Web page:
Other candidates nominated for the top job include India’s Vijai Sharma, a senior member of its environmental ministry, who has the support of China, according to reports. Indonesia is soon expected to nominate a candidate. South Africa has picked Tourism Minister Marthinus van Schalkwyk, a former environment minister and perhaps the toughest competition for Figueres.
“I think Marthinus van Schalkwyk is a very good candidate as well,” said Derwent, citing the minister’s experience as chief spokesperson of the G77 for the Kyoto negotiations.
Alexander Sarac, general counsel and associate director at EcoSecurities, an Ireland-based clean energy project developer, said “all the candidates currently standing for the role of UNFCCC Executive Secretary are of the highest caliber with excellent but slightly differing qualities.”
Figueres, he said, “brings a combination of integrity, experience, knowledge, understanding and enthusiasm to the table” and “would make an excellent choice.”
Environmental groups more or less agree.
David Turnbull, the head of the Climate Action Network (CAN), a coalition of around 500 non-governmental organizations promoting action to limit climate change, said he was “pleased to see the caliber of all the candidates.”
CAN recently sent a letter to the UNFCCC outlining eight principles it wants to see in a potential successor. These range from a commitment to the science to political savvy and leadership.
“As far as I can tell, Figueres definitely meets a lot of the principles,” Turnbull told SolveClimate. “She has the support of a number of developing countries, parties and colleagues. And she definitely has a reputation of being an astute negotiator and understanding of the issues.”
While the CDM has its faults, Turnbull added, the idea of someone who has deep understanding of carbon markets would be a bonus.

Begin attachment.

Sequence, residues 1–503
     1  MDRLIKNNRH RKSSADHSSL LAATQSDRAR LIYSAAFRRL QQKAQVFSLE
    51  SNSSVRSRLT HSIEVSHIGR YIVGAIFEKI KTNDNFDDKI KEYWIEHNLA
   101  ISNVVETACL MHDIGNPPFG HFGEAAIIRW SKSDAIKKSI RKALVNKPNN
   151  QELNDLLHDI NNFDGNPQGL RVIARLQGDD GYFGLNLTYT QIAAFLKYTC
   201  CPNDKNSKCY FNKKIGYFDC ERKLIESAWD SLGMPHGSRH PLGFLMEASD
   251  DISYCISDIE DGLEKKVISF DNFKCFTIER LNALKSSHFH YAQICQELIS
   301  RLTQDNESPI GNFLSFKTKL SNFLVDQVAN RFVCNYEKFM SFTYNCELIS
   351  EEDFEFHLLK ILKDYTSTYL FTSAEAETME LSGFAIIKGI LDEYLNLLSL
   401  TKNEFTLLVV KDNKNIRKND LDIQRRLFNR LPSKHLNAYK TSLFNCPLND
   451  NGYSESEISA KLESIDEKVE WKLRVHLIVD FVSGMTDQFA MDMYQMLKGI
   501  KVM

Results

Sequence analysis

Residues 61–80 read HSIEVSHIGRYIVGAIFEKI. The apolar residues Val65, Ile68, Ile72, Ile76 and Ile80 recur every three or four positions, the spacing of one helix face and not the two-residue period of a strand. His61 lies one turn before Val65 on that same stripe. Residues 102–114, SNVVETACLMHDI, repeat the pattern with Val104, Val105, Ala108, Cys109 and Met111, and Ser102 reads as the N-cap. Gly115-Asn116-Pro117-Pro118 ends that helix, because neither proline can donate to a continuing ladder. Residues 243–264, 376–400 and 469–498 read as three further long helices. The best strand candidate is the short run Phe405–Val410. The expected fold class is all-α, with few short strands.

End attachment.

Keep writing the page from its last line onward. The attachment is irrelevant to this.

Environmental group Greenpeace said it would not comment on candidates until all names have been submitted. But Tove Ryding, climate policy advisor for the organization, said trust-building skills are key for a new chief.
“The position requires someone who is hard working, experienced and effective in rebuilding trust between the countries, while ensuring that the voices of the most vulnerable are not sidelined by the most powerful,” Ryding said.
The names of the nominees must be submitted by the end of March to the UN, where they will be vetted by a high-level panel chosen by Secretary-General Ban Ki-moon. Candidates will be interviewed, and Ban is expected to make a final decision in July.
Figueres said she has received “good will” from government officials in Latin America and around the world, non-profit organizations and the private sector.
A Facebook campaign with 1,000-plus members has been set up to pull in support.
Some close observers, however, say Figures could be a long shot for the post, given that the No. 2 spot at the UN Development Program recently went to another Costa Rica citizen, Rebecca Grynspan.
“Yes, it may be a stretch to think that a country of four million would have another position at the UN,” said Figueres. “But frankly, it is the secretary-general’s call, and I trust the secretary-general to make a decision based on the competence of the people who are presenting themselves on their track records.”